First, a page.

The circuit topology presented in FIG. 3 only illustrates the invention from a conceptual standpoint. From a practical standpoint, the resistance losses Rloss associated with the LC resonator will seriously impact its effectiveness. Therefore, in order to overcome the resistive losses Rloss of the resonator, some form of active circuitry is needed in addition to the parallel combination of the capacitor Ce and inductor Le. In FIG. 3, a negative resistive element −Rloss has been included to indicate the cancellation of resonator losses Rloss by appropriate active circuitry. As will be shown, a simple way to implement such cancellation of resonator losses is to add feedback around two series capacitors.
Accordingly, FIG. 4 depicts a complete LNA circuit topology providing monolithic image rejection according to the present invention. Basically, this circuit represents a ‘combination’ notch filter and amplification stage. The amplification stage is identical to that in FIGS. 2 and 3 and includes a common-emitter (CE) amplifier Q1 driving an npn cascode transistor Q2. Similarly, a first inductor L1 and a first capacitor C1 are arranged in parallel to form an LC resonant tank at the collector of the npn cascode transistor Q2. The emitter of the driving CE amplifier Q1 is grounded via an emitter degeneration inductor Le1.
In the circuit of FIG. 4, the emitter of the driving CE amplifier Q1 is further coupled to some additional circuitry comprising a parallel resonator circuit to implement a notch filtering function. Specifically, the emitter of the driving amplifier Q1 is AC coupled via a coupling capacitor Ccp to the base of an npn emitter-follower transistor Q3, whose emitter is loaded with a varactor Cf2
Considering the amplification stage of FIG. 4, a cascode transistor configuration is used to eliminate the Miller effect, the dominant contributor to high frequency roll-off. The cascode transistor Q2 is interposed in the collector path of the driving CE amplifier Q1 to prevent its collector from swinging (thereby eliminating the Miller effect) while passing the collector current through unchanged. A fixed DC bias voltage Vbias is applied to the base of the cascode transistor Q2 (i.e. the base is assumed to be perfectly AC grounded) and is usually set a few volts above the emitter voltage of the driving CE amplifier Q1 to pin the collector of the driving CE amplifier Q1 and keep it in the active region. Essentially, the cascode transistor Q2 is used to reduce the interaction of the tuned output RFout with the tuned input RFin.
LC resonant tank circuits, such as the one used in FIG. 4 comprising the inductor L1 and the capacitor C1, are used extensively in communications circuits to provide selective amplification of a signal at a desired frequency. The components L1 and C1 are selected to resonate at the particular frequency which provides the desired passband response. The inductor L1 or capacitor C1 could also be made variable to enable tuning of the resonant frequency.
Using a tuned LC circuit as a collector load also provides several other advantages:higher single-stage gain, since the load presents a high impedance at the desired signal frequency while still allowing arbitrary quiescent current; elimination of undesirable loading effects of capacitance since the LC resonant circuit tunes out any capacitance by making it part of the tuned circuit capacitance; and elimination of outof-band signals and noise owing to the frequency selectivity of the tuned circuit.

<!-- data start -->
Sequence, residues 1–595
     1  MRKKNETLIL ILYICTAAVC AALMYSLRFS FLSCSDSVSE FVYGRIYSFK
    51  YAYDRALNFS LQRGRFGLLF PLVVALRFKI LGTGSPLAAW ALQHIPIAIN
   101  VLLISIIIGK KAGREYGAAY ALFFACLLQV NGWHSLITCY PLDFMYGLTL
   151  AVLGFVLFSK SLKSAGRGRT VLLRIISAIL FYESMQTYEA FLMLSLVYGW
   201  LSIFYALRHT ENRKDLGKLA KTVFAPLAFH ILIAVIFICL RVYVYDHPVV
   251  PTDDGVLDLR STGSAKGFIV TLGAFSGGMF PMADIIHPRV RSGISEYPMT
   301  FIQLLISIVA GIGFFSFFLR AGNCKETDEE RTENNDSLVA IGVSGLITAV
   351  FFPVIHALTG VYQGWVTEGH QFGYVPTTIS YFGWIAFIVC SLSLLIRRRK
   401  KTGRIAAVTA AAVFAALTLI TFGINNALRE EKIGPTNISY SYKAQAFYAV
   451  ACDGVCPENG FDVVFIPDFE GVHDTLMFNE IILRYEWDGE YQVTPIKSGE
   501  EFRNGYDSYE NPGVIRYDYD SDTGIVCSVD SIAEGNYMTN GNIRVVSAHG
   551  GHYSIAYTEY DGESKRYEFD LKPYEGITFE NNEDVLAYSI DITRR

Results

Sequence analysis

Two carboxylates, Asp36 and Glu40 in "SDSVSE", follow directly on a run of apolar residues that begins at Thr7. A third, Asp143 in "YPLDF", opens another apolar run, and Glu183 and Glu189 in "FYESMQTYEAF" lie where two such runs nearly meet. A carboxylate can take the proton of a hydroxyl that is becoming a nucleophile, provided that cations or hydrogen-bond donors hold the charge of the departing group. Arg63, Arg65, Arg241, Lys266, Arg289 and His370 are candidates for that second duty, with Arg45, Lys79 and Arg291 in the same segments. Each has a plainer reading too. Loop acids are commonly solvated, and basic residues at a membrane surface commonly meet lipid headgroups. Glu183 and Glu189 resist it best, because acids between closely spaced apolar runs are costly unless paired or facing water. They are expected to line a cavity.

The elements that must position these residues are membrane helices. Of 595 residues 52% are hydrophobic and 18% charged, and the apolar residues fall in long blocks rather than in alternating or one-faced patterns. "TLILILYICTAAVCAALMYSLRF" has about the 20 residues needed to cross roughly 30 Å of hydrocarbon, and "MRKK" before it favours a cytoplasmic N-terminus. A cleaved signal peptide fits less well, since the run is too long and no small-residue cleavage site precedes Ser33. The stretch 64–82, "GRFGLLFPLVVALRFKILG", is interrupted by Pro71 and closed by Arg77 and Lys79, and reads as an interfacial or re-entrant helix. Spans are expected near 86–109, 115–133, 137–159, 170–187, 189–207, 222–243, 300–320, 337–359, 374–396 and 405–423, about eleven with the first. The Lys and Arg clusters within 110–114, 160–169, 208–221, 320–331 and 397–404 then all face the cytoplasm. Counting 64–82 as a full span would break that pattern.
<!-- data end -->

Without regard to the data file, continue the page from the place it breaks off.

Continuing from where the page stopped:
Finally, the emitter degeneration inductor Le1 provides the feedback necessary to improve linearity while minimizing noise figure. The inductor Le1 should be sized precisely to provide simultaneous noise and power matching and to minimize noise figure. At the same time, the inductor Le1 should be sufficiently large enough to ensure acceptable linearity and stability.
In the topology presented in FIG. 4, the filtering function for removing the image frequency is implemented by resonant circuitry placed around the degeneration inductor Le1 to make it resonate at the image frequency. To prevent the interaction of DC currents between the adjacent stages (i.e. amplification and filtering stages), the coupling capacitor Ccp is used. (capacitors are open circuits at DC and, if large enough, are short circuits over amplifier operating frequencies). Therefore, the coupling capacitor Ccp allows a DC level shift between the driving amplifier Q1 and the emitter-follower transistor Q3 of the filtering network.
The transistor Q3 is connected in common-collector configuration and forms an active feedback circuit that cancels any losses in the resonator, therefore making it a perfect open circuit at the resonant frequency. The bias resistor Rbias simply provides a bias voltage to the base of the transistor Q3 so that it can turn on and be active. The capacitors Cf1,Cf2
It is important to note here that any capacitance placed in the emitter of the driving amplifier Q1 can result in negative resistance at the base which can lead to instability in the circuit. This is, in fact, why capacitive degeneration is not widely used in the art. In the topology of the present invention, however, the frequency range over which the emitter of the driving amplifier Q1 will have a significant negative reactance is fairly limited, hindering its ability to oscillate.
The resonant circuitry of FIG. 4 eliminates the “stacking” of transistors in order that the lowest possible supply voltage Vcc may be used. At the resonant frequency, the active feedback circuit will approximate a perfect open circuit and, therefore, have an infinite impedance. With an infinite amount of degeneration, or resistance in the emitter of the driving amplifier Q1, the amplification stage will have no gain. As a result, there will be a “notch” in the frequency response of the amplifier at this frequency. Accordingly, the notch frequency is tuned to be centered at the frequency of the undesired image.